The Origin Of “Couch Potato”

In a recent post about the benefits of getting exercise, I used the phrase “couch potato.” I chuckled as I wrote it, because the phrase perfectly captures the concept of the sedentary TV watcher sunk back on the sofa, ready to absorb whatever brainless programming might be thrown his way. It made me wonder about the history of this evocative phrase that has become so commonplace.

“Couch potato” traces its origins back to the 1970s and Pasadena, California, when comic artist Bob Armstrong created a “couch potato” club to celebrate inveterate TV watchers and designed buttons, like the one shown above, and t-shirts with a reclining, couch-bound, fez-wearing tuber next to a TV set with rabbit ears. Armstrong borrowed the phrase, with permission, from his friend Tom Iacino, who coined it and used it within his circle of friends.

The phrase so aptly described American TV culture that it was featured in an article in TV Guide magazine–a publication that was found in virtually every American suburban household of that era–and quickly entered the lexicon. The Merriam-Webster dictionary cites the first general use of “couch potato” as happening in 1976, and in the years since then it has become immensely popular, being used so often that the dictionary puts it in the top 4 percent of words. And the term isn’t limited to the English-speaking world, either–the couch potato concept is so universal that the phrase has entered other cultures as well. The Swedish term for “couch potato,” for example, is “soffpotatis,” and the equivalent French phraseapparently is “pantouflard.”

Imagine coming up with a phrase the just nails an element of popular culture, and then living to see your invention used just about everywhere. Here’s a hat tip to Iacino and Armstrong for the deft turn of phrase and popularizing visualization. Our lives would be a little less rich without “couch potato” in the vocabulary.

Word-A-Day

For many years now, one of my standard holiday gifts to Kish has been a “word-a-day” calendar.  It’s a calendar that features a different, typically unusual word each day, gives you the definition and the pronunciation — if you can decipher those weird pronunciation symbols, that is — and then provides a quote that uses the word in a sentence.

It’s an interesting thing to check out each day, and a chance to engage in a little vocabulary building.  Typically the words on the calendar fall into three categories:  words we already know and use, words that you would never try to work into a conversation, and words that you actually think could become part of your standard word-stock.  The first category is easily the smallest in size, but when the calendar does use a word we already use — yesterday’s word, for example, was rarefied — you feel a certain sense of accomplishment.  The second category is the largest.  Sometimes the words are so technical that there really is no chance to use them in everyday conversation, and others are so high-falutin’ you can’t imagine dropping them into a discussion.  Tomorrow’s word, for example, is faineant, with an accent over the e, which means idle and ineffectual or indolent.  I doubt I could even pronounce that one properly, much less find an opportunity to use it correctly.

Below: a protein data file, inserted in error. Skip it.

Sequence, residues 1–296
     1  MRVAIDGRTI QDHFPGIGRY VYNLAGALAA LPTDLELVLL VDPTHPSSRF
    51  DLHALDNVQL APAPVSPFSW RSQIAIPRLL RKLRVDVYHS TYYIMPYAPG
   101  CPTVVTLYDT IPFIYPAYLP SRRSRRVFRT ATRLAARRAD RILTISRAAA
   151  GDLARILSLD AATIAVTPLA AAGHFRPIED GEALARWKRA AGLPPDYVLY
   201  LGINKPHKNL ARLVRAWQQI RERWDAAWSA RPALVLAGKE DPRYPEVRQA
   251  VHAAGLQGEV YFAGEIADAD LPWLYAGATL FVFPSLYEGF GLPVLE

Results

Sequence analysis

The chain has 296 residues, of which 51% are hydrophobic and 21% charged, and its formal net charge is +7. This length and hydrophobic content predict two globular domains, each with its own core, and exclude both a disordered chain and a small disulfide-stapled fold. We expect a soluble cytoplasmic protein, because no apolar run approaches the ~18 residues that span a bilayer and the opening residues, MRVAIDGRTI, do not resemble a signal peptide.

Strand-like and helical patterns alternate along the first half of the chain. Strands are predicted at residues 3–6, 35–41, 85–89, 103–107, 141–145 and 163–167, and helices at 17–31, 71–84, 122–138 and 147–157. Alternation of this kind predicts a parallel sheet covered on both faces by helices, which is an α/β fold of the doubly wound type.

But the third category is why you buy the calendar.  Today’s word, quiddity, falls into that category.  My favorite recent word in that category is gorgonize, which means to have a paralyzing or mesmerizing effect, and is synonymous with stupefy or petrify.  I’m saving that one up for a choice opportunity — like when one of my friends tells a long-winded story about people I don’t know at lunch and I confess that their tale gorgonized me.

 

Attempting An Eclogue

For years, Kish has gotten a “word-a-day” calendar as a Christmas stocking stuffer.  The calendar gives you a word, its definition, and its pronunciation, and then uses the word in a sentence, like you’re the contestant in the national spelling bee.  It’s an interesting, relatively painless way to learn new words and build that personal vocabulary to ever more impressive heights, and occasionally — O, happy day! — the word is one you actually knew already.

afghan_shepherd_by_ironpaw1Sometimes, though, the words aren’t exactly easy to fit into everyday conversation.  On Monday, for example, the word was “eclogue.” What’s an eclogue (pronounced ek-log), you ask?  Why, it’s a poem in which shepherds converse, of course.  The sentence the calendar offers to illustrate its meaning is:  “The poet’s new volume offers modern translations of Virgil’s eclogues.”  Even at an erudite workplace like mine, it’s hard to imagine a discussion where you could smoothly use “eclogue.”

Although I can’t see ever using the word in actual conversation, and therefore am likely to promptly forget it, I thought it might be fun to try to write an eclogue, just to give ol’ Virgil a little competition.

A Brief Eclogue

Far out yonder, on grassy plain

Where sheep did graze, were shepherds twain

As they silently did walk

One shepherd felt the need to talk.

Said Shepherd One to Shepherd Two:

“It’s time for dinner.  I brought stew.

The sheep all graze o’er by the lake.

No wolf in sight.  Let’s take a break!”

Said Shepherd Two to Shepherd One:

“I’m sad to say that I’ve brought none.

I’ve got no food, but none the worse.

Let’s use our break, then, to converse.”

Said Shepherd One to Shepherd Two:

“I’d start, but I don’t have a clue

What we’d discuss, or what I’d say.

I’ve been out tending sheep all day.”

Said Shepherd Two to Shepherd One:

“There’s nothing new under the sun.

And what is new I won’t discuss.

Clinton and Trump just make me cuss!”

So shepherds two sat ‘neath a tree

And watched as sheep grazed peacefully

It wasn’t much of an eclogue

But ’twas enough to fill this blog.